Thankfully, we know we can depend on the promises of God for both now and eternity. We will never need to ask, “What if God changed His mind?” Let us give Him the same courtesy that if we have promised to love God with all our being, He will never have to give a report that we’ve changed our minds. Amen, and have a wonderful week walking in the blessings and presence of Yahveh.

July 5, 2014 Posted by | Bible Study, Nonfiction, Torah Commentary | , , , , , , , , , | Leave a comment

From a Pillow to an Altar


Sun rays in clouds.

Sun Rays in the Clouds by Crystal A Murray
St. Louis, Missouri, July 2011

This is a night where I am thanking God for another way to at least begin my post, and I’ll add that I’m thankful for the Nuance people who created the Swype keyboard since I can type so much faster with it.

So, tonight we begin a new portion since sundown was the beginning of a new week. We are at Parashah 7, called Vayetze and meaning He Went Out. The full portion runs from Genesis 28:10 through 32:3. Our first piece of this week’s portion runs from Genesis 28:10 through the end of the chapter at Genesis 28:22. In it, we read the story of Jacob and His meeting with Yahveh Almighty. We don’t get to see their full conversation yet, but the introduction has some great stuff in it.

Jacob lies down in a field to sleep, and he grabs a rock to make a pillow for himself. As he sleeps, he sees a ladder where angels are making journeys from Heaven to Earth and back. And then it says, “Suddenly, Adonai was standing there next to him.” He reminds Jacob that He is the God of his grandfather and his father, and then He reveals to him that the ground where he’s lying will be given to him and his descendants. He goes on to tell him of future promises like He gave to Abraham and Isaac; that his seed cannot be counted and that all the families of the earth will be blessed because of him and his descendants. And here, from verse 15, is my favorite part (and a part I am holding claim to for my very dear friends Mark & Debbie): “Look, I am with you. I will guard you wherever you go, and I will bring you back into this land, because I won’t leave you until I have done what I have promised you.” Do you realize what that means? It means God is telling him that He will NEVER leave him since what He has promised him is untold numbers of generations in his future. It lines up with His promise from Matthew 28:20, “And lo, I am with you always, even unto the end of the world.”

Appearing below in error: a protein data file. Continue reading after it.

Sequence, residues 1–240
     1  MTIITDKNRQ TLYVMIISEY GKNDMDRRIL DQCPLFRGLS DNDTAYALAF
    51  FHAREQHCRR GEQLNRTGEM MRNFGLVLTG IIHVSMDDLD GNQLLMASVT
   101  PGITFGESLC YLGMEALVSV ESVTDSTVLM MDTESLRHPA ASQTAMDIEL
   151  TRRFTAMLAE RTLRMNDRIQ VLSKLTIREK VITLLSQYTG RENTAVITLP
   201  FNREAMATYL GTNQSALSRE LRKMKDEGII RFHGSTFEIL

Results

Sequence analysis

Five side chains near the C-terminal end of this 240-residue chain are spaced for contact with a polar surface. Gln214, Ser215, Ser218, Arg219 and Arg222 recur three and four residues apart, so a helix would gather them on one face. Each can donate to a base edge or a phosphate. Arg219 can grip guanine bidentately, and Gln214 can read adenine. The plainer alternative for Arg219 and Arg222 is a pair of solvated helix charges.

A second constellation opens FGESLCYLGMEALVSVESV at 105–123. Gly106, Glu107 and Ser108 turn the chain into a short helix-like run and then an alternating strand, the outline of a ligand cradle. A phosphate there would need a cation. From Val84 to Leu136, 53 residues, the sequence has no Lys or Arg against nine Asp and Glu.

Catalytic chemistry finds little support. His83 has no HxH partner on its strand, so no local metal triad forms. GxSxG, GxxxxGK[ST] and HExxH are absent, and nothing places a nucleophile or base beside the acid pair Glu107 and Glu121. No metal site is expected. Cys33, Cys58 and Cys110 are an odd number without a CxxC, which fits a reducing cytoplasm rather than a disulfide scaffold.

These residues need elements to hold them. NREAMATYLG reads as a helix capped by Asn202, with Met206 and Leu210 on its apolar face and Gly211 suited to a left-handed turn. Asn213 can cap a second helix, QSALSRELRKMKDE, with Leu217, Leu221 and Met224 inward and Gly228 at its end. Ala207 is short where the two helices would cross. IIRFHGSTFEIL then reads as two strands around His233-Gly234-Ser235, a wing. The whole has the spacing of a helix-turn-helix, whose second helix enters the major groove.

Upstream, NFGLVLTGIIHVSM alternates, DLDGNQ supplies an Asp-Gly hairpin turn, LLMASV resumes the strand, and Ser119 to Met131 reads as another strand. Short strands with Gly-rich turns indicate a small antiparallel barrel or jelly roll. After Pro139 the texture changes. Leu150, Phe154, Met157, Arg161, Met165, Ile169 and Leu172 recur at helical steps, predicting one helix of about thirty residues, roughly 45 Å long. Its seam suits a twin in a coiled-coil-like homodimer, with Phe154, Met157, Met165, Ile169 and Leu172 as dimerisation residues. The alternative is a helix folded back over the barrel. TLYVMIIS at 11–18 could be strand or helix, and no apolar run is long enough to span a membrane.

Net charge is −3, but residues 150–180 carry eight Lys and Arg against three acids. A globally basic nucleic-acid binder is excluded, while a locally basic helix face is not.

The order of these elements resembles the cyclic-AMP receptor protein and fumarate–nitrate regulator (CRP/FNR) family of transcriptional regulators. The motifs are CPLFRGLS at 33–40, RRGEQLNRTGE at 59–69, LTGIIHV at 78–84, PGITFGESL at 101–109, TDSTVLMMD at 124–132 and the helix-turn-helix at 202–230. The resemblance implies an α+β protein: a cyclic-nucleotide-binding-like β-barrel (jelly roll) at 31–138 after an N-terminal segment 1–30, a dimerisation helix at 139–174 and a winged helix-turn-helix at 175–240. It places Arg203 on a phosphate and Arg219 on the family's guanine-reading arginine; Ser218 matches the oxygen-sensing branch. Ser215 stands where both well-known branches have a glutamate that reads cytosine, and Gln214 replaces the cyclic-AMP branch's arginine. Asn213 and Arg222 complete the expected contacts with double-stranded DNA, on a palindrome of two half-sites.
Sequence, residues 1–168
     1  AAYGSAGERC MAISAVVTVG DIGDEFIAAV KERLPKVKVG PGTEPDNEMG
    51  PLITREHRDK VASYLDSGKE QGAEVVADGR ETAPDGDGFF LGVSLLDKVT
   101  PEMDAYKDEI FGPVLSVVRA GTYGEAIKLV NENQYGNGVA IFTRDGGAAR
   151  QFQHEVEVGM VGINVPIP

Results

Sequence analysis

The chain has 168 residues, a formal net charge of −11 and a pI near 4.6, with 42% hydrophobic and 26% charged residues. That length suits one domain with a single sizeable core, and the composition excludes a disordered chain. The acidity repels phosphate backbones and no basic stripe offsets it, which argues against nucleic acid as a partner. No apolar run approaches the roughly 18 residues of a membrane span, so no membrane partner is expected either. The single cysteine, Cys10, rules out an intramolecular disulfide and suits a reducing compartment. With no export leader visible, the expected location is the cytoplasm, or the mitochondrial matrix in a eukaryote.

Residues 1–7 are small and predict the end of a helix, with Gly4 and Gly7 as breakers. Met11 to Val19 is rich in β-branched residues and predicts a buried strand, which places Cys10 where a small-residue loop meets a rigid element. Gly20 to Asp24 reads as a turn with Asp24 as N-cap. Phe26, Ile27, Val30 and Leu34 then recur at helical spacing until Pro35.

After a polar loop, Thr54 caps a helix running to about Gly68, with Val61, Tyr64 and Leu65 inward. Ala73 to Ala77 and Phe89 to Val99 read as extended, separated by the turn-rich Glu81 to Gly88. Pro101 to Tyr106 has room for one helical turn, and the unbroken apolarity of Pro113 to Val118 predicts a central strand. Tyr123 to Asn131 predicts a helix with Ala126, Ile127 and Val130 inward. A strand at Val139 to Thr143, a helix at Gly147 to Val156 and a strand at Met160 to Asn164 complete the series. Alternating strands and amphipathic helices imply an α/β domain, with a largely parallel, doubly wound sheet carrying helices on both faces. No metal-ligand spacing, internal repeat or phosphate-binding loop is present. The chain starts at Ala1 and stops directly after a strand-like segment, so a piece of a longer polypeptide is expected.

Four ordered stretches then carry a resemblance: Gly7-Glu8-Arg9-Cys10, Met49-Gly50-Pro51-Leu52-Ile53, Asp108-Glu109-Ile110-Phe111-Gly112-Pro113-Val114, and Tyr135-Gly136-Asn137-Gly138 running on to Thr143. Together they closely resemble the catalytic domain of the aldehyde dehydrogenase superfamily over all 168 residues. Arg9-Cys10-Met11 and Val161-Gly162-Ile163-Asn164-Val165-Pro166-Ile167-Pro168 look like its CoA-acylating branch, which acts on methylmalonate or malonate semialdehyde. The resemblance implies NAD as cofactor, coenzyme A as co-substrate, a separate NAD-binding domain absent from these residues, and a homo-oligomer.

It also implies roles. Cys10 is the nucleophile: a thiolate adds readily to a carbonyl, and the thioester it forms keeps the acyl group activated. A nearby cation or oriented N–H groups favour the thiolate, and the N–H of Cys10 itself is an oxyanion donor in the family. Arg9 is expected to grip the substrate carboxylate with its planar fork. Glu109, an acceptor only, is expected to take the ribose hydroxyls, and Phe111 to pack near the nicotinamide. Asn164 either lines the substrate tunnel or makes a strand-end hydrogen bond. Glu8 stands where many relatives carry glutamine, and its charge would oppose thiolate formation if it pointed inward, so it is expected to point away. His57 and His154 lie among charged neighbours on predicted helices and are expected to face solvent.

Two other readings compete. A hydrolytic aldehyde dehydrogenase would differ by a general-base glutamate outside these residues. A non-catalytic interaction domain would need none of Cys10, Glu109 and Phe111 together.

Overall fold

When Jacob wakes up, he says, “Surely, God is in this place, and I did not realize it.”

Okay, so I have to break here for a minute for a song. I think in songs quite often, and I’m guessing it’s something I picked up from my grandmother who left this world back in 1988, and with whom I shared a birthday for my first 24 years. I heard she had a song for everything. Anyway, this Scripture makes me think about the song that goes…

Surely the presence of The Lord is in this place,
I can feel His mighty power and His grace.
I can feel the brush of angels wings,
I see glory on each face.
Surely the presence of The Lord is in this place.

So back to Jacob who declares the place the gateway to Heaven and names it The House of God even though it was originally called “Luz.” He then takes the pillow that he was sleeping on, stands it up, pours oil on it, and makes it into an altar for God. After setting up his altar, he makes a vow that if God will stay with him as a guard and provider, so he can travel in peace back to his father’s house, he will follow Him and will faithfully return ten percent of all God gives him. And that’s where this portion ends, but I have a last thought here.

The word tithe means tenth, so without God asking for it, Jacob has decided it is right to give back to God a tithe from all that God provides for him. This is the 2nd place since Genesis 1:1 where a tithe has been mentioned, and both were something men came up with as a way to say thanks in return for provisions. Later, we will read how that changed with it becoming a portion for the Levites, but I find it interesting that it was originally thought of by men as a type of “thank you” gift. I know the feeling of wanting to give back to someone who has freely given to me, and at that point, a tenth often doesn’t even feel like enough, so I can understand the idea of wanting to give back to God when He has been a faithful and loving provider. I can also understand the resistance of people who don’t want to feel forced into tithing to someone who they do not feel is giving to them and who is demanding that people give to them because they deserve it or because of their position, or whatever. Tithe belongs to God as a gift of thanksgiving, and when I look at it this way, giving feels much better. Actually, everything I look at from God’s perspective feels better.

P.S. Because this was our writer’s meeting day, my NaNo word count went way down. I’m incorporating the story I wrote for our writer’s exercise into my novel for this day just so I can have some kind of word count. My total for today is 18, 749, and that at least keeps me still on track for my personal goal.

November 9, 2013 Posted by | Bible Study, Nonfiction, Torah Commentary | , , , , , , , , , , , , , , , , , , , , , , , , , , , , , , , , , , , , , , , , , , , , , , , , , , , , , , | Leave a comment